Guest blog by Jessica Verhagen, Director and Lead Negotiator, Climate Action Secretariat
On September 28 – 30, the YVR Cleanweb Hackathon brought together Vancouver’s cleantech and information technology (IT) communities.
The idea behind the hackathon was to infuse information technology with sustainability, create internet, social media and mobile apps to address pressing environmental issues, and bring cleantech innovations to the forefront.
Teams had 12 hours to create apps from scratch using code along with APIs and datasets, including from the Climate Action Secretariat’s Climate Change Data Catalogue and DataBC.
The Climate Action Secretariat was an event sponsor. Tim Lesiuk, Executive Director, Business Development and Chief Negotiator, Climate Action Secretariat, and I attended to provide mentorship and help judge the apps that were submitted.
For participants use, we also highlighted the Province’s Community Energy and Emissions Inventory (CEEI) data, which is open data under the B.C. Open Government License. The CEEI represents energy consumption and greenhouse gas emissions from community activities in on-road transportation, buildings and solid waste, and is used by provincial and municipal planners to meet their climate action commitments.
This is the first hackathon I have attended. Many of the participants enjoyed having the mentors participate as the mentors had the content expertise while the developers had the know-how to create applications. The learning definitely went both ways as I now understand the kind of data they like working with best – open source and the closer to real time, the better.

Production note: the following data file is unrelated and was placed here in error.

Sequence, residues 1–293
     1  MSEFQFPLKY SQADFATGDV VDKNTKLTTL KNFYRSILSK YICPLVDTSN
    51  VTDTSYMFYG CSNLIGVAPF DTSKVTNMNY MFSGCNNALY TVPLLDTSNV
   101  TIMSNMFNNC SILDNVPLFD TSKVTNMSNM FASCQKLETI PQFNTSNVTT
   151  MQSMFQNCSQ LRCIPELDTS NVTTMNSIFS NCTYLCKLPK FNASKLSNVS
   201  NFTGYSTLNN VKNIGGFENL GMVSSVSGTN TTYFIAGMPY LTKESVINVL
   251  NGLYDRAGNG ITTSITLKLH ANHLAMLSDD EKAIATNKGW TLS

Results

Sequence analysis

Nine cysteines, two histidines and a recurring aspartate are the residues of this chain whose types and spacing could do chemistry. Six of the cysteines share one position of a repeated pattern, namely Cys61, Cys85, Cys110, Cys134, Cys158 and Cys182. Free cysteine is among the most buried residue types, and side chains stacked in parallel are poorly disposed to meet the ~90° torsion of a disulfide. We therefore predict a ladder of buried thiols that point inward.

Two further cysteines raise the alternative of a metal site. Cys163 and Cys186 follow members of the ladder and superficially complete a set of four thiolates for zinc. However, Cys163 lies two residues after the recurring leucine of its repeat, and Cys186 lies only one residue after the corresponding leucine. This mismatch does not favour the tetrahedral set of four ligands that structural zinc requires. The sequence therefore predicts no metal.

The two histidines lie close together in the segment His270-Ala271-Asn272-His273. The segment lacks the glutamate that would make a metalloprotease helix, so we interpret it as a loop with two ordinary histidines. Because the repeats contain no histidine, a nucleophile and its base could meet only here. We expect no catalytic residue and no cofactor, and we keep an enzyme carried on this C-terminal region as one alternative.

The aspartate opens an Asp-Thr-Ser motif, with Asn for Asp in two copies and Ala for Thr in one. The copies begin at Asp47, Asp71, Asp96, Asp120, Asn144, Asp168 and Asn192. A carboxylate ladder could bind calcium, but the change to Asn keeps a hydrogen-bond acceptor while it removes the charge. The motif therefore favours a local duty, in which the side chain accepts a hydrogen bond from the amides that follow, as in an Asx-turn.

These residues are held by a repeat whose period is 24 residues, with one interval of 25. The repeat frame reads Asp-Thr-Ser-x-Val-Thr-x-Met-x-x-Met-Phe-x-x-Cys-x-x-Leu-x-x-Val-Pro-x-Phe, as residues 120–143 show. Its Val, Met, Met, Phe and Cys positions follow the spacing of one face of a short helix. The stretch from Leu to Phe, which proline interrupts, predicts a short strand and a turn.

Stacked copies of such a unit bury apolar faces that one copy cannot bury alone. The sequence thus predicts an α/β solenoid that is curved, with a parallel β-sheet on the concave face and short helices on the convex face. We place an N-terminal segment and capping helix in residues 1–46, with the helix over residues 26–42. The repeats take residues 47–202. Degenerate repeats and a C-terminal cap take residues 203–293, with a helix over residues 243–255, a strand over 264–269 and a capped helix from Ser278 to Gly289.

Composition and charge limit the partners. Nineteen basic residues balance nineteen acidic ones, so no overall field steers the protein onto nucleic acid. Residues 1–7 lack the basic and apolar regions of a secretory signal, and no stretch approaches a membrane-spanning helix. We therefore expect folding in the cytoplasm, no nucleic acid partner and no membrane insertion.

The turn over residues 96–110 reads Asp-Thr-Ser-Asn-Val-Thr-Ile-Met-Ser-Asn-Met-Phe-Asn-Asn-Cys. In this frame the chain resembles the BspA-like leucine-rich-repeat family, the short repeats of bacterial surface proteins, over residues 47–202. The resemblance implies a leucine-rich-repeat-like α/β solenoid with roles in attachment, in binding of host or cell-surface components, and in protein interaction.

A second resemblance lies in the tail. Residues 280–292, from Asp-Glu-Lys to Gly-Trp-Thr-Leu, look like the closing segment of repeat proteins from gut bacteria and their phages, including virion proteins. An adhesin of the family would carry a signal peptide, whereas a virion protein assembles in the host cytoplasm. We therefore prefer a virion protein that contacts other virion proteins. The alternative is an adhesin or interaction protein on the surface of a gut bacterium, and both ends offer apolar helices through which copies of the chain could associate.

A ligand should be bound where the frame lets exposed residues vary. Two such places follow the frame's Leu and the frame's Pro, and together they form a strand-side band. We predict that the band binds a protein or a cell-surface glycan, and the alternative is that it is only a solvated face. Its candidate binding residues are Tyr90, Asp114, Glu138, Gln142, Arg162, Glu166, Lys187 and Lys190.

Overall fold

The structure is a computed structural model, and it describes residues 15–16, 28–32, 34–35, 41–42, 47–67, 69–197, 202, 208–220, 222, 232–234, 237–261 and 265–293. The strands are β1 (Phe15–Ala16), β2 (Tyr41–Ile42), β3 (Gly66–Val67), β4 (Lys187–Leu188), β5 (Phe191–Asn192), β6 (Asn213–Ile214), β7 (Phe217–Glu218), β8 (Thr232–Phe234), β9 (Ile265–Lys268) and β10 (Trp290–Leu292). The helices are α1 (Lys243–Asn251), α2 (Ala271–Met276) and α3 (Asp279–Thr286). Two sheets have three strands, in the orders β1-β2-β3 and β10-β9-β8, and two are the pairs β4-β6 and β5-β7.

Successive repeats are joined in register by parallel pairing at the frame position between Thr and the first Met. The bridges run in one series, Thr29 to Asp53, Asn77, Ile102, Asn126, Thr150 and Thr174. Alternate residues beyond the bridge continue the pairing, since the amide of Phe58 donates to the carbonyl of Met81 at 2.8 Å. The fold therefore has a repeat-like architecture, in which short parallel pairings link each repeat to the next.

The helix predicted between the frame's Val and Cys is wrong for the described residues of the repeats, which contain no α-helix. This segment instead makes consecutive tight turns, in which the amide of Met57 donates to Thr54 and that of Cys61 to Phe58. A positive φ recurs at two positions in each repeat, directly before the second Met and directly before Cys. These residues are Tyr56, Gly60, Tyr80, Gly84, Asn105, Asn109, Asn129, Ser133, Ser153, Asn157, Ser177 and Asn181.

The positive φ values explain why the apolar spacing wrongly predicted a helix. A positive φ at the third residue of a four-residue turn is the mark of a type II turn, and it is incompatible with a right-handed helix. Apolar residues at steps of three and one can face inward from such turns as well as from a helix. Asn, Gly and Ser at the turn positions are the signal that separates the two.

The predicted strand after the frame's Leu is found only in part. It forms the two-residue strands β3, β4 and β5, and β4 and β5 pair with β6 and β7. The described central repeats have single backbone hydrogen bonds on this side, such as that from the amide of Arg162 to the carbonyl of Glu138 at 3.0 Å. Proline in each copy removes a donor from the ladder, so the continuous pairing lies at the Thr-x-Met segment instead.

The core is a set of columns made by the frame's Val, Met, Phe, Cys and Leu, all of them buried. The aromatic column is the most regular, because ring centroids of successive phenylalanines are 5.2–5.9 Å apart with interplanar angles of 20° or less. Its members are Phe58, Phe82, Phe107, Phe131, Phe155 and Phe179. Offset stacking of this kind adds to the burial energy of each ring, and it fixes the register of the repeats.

The hackathon was a great fit with the Climate Action Secretariat’s work with cleantech companies to find new ways to develop the sector as part of the BC’s Green Economy: Growing Green Jobs. Cleantech provides business solutions to traditional industry’s environmental problems, and is critical to advance our green economy. While still young, BC’s clean tech sector shows tremendous opportunity for growth, potentially doubling by 2020 according to KPMG’s Cleantech Report Card for British Columbia.
A total of 12 apps were submitted, and prizes for different categories were awarded. The winner of the Best Climate Action App was a tie between Epic Energy III and Energy Predictor. Created by Croctopluse, Epic Energy 111 is an educational building energy simulation, which you can play online. Energy Predictor uses historical temperature data and climate change temperature predictions to forecast how much more energy buildings will use when the climate warms.
If you are interested in checking out the other winners or would like to find out more about the YVR Cleanweb Hackathon check out their website.
B.C. is worldwide as a leader on green economic growth and the green jobs that come with it. By implementing policies that support sustainability in industry and innovation in the clean technology sector, we have created an environment where forward-thinking solutions can flourish.
Coinciding with a sister event in New York City, Vancouver was a natural location for a “clean” hackathon as we’re becoming a hub for start-ups in smart energy, transportation, web, mobile and socially focused companies and entrepreneurs. We look forward to participating in more events like the YVR Cleanweb Hackathon in the future. These events can be helpful in solving issues we have in government, whether it’s how to reduce energy or how to get citizens more engaged.
If you have ideas for a more specific theme for future events, please leave a comment below or get in touch with me at Jessica.Verhagen@gov.bc.ca.